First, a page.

Helping your customers learn more about their audience in a privacy-forward manner

By ‎@jmcarey‎
Wednesday, 2 December 2015

Brands are always on the lookout for ways to better understand the people that matter most to them: their customers and prospects. Businesses that truly know the makeup of these audiences and their interests are able to make smarter and more strategic marketing decisions. Gnip’s primary customers — the software and analytics providers that serve these brands — are always searching for new ways to help their clients better understand their unique audiences.

In response to this need, we recently announced the beta availability of our new Gnip Audience API, which delivers aggregate information about custom-defined groups of Twitter users. As a member of the engineering team who helped create it, I’m especially excited about how it helps our customers’ clients explore audiences of Twitter users across many demographic models, all in a privacy-forward manner.

I had the opportunity to speak at Flight 2015 about the various design and technical considerations we developed in order to bring this product to life. The top three of these considerations were:

  • It had to protect user privacy
  • It needed to be fast and support sub-second queries for audience demographics
  • It needed to scale to huge audiences without affecting query return times

Designing such an API was challenging, to say the least. The baseline for comparison was a “brute-force” approach where, for a given audience and set of demographic models, the API would count users matching the demographics. While this provided a good data point for comparing our work with alternative approaches, it just was not a viable option for our team.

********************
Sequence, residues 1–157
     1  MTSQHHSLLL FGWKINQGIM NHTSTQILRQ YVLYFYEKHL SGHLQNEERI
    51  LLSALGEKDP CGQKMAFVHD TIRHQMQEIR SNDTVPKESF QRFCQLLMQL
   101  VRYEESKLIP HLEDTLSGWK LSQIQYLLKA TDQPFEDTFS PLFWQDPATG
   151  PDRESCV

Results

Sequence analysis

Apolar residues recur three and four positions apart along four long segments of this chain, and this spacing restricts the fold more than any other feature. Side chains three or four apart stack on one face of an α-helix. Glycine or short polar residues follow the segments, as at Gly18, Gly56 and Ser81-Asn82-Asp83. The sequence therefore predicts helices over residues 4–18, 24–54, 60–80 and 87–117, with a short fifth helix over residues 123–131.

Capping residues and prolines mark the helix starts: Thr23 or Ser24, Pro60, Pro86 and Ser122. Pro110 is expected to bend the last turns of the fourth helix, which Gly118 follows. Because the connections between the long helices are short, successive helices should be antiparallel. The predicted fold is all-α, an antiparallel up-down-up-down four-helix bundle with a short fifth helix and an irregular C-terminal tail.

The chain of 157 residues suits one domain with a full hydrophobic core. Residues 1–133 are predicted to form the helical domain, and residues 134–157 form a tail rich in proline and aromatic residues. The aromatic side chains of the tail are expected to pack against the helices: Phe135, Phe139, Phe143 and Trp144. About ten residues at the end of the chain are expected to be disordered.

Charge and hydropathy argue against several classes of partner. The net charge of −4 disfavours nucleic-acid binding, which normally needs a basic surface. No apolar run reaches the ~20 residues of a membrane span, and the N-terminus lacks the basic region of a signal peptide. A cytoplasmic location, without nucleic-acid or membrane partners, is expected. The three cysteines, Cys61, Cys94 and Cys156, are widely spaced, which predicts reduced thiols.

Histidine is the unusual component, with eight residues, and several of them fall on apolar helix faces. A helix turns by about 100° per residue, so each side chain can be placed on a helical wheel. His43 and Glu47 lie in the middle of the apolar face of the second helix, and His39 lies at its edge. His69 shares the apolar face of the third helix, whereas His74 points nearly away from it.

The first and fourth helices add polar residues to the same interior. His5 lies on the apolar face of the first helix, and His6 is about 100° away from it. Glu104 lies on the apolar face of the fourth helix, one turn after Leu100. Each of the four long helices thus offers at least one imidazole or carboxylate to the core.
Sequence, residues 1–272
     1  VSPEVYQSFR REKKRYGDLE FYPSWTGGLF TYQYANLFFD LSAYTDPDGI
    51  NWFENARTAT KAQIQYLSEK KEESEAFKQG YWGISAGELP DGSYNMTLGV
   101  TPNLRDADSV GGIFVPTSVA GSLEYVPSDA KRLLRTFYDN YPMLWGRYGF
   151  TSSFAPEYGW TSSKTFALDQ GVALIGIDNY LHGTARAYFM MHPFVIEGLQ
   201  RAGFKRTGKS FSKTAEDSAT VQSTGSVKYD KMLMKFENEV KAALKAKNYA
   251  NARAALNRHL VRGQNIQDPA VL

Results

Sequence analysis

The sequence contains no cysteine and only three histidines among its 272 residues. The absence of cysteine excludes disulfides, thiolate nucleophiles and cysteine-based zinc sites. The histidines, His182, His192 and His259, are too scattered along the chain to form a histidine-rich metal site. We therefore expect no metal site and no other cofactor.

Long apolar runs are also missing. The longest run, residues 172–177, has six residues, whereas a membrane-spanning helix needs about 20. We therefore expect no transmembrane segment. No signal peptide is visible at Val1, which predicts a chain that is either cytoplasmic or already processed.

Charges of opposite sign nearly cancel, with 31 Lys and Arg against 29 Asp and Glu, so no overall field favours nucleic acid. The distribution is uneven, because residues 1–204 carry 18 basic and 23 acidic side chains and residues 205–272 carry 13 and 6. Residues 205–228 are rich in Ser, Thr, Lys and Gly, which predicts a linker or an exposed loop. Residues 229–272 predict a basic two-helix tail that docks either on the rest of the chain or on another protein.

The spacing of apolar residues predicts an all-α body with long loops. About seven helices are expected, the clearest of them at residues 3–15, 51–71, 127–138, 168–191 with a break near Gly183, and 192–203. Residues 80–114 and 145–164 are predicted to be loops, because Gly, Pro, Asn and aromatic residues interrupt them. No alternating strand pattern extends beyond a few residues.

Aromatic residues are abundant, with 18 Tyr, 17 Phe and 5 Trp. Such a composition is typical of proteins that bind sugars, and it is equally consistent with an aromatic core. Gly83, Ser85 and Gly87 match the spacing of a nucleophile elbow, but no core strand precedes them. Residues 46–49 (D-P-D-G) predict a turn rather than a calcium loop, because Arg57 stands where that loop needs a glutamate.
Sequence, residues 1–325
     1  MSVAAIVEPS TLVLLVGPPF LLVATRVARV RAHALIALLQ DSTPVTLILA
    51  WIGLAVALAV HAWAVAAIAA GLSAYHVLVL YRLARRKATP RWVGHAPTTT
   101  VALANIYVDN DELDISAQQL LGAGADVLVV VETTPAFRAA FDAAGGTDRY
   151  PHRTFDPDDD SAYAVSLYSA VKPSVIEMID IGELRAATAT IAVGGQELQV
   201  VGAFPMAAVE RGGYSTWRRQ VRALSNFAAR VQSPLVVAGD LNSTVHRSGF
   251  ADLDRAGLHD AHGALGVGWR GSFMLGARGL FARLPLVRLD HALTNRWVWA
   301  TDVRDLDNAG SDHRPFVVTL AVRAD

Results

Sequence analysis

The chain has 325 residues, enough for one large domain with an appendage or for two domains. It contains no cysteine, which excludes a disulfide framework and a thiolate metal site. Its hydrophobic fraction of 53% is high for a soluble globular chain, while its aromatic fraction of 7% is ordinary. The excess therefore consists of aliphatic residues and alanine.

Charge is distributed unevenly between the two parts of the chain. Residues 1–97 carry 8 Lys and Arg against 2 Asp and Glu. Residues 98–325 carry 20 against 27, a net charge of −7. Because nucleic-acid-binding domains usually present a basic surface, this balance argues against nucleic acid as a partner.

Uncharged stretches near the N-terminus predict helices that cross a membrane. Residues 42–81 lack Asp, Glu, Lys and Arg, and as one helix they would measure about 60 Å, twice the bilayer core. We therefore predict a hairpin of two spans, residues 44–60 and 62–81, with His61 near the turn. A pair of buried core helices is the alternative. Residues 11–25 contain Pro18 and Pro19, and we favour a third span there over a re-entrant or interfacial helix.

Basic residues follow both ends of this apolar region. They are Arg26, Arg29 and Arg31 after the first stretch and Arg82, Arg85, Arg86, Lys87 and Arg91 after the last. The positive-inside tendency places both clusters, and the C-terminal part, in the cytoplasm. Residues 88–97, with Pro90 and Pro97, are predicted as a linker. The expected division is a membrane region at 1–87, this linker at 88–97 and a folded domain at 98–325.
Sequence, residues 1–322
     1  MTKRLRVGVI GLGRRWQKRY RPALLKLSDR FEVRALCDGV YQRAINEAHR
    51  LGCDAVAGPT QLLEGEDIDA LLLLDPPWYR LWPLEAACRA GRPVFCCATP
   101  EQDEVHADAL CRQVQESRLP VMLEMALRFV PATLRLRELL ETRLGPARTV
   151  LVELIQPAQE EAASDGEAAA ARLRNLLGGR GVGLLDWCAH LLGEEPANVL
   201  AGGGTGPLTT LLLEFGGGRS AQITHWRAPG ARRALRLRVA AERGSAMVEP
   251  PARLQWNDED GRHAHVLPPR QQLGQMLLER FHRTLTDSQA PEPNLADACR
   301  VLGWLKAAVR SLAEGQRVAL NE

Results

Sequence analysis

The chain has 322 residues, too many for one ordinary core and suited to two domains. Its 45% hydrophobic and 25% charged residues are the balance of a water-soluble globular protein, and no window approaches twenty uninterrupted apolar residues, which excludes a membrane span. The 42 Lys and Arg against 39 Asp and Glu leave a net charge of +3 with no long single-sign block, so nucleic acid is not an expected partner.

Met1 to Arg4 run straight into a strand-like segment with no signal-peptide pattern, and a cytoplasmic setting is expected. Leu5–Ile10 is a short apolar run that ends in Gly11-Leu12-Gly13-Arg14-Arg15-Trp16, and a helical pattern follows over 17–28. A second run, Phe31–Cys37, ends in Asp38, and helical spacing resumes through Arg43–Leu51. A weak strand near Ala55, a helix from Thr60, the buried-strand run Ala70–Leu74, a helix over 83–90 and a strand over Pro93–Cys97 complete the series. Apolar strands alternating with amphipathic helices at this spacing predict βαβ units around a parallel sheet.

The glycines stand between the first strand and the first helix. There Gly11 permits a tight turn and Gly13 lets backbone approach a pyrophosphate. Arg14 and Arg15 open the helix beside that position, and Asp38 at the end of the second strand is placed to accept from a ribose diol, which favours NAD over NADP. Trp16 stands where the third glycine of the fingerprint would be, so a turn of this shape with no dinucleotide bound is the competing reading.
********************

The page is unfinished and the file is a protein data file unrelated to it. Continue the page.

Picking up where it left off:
Exact demographic counts are expensive to compute and raise potential privacy issues, so we turned our attention to approximating counts using statistical sampling. If an audience could be randomly sampled – yet remain representative – then a query against the much smaller set of Twitter users would require fewer system resources, and would produce results from a query much faster. Additionally, statistical theory provided formalized error bounds, allowing us to control the accuracy of results. Have you heard about HyperLogLog? If not, be sure to watch the video of my presentation below to learn more about it.

After a lot of exploration and testing, we chose statistical sampling as the basis for the Audience API’s architecture as it balanced simplicity, accuracy, query latency, and scalability with maintaining user privacy.

Our close attention to user privacy also required that we ensure that the aggregate demographic and interest information returned about brand audiences couldn’t be reverse-engineered to tease out user-specific data. When building the Audience API, we considered several malicious attack vectors, including set-balancing, side-channel and homogeneous group search methods. My presentation explains what these issues are and how to design a product against them.

We see the architectural benefits of our design decisions every day, and customers of the Audience API are creating solutions that allow their clients to explore their audiences and retrieve valuable insights like never before.To learn more about the Audience API and how your business can build new brand-focused solutions on top of it, I again invite you to watch the above video from my Data Track Session from Twitter Flight 2015. If you’d also like to learn how you can join the Audience API beta program, contact your account manager or reach out to us at data-sales@twitter.com.